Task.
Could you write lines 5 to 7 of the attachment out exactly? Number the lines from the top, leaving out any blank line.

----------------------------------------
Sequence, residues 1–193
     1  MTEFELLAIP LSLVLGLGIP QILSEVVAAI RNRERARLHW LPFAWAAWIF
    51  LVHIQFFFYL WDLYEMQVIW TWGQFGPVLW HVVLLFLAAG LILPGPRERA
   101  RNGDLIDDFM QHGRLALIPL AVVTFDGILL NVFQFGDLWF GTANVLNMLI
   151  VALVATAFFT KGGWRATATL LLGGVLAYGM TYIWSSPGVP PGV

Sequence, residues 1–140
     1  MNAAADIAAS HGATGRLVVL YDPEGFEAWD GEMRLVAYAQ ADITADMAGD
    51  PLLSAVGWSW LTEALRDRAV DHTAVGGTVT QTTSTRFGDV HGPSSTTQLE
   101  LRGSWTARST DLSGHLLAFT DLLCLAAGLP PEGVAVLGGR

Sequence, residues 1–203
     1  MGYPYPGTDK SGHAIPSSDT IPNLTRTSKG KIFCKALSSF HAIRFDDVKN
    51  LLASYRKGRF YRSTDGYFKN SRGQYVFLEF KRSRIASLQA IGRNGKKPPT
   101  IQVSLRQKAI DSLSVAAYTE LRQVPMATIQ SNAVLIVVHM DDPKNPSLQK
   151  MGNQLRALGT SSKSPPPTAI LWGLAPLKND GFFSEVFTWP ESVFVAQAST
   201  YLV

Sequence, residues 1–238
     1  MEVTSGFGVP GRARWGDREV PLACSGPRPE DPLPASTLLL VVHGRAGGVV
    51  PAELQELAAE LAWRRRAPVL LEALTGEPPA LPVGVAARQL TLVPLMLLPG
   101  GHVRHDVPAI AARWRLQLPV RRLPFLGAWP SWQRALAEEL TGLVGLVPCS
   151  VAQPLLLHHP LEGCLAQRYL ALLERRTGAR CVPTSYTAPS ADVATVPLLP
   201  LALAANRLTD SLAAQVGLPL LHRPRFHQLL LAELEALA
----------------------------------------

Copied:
   151  VALVATAFFT KGGWRATATL LLGGVLAYGM TYIWSSPGVP PGV

Sequence, residues 1–140
     1  MNAAADIAAS HGATGRLVVL YDPEGFEAWD GEMRLVAYAQ ADITADMAGD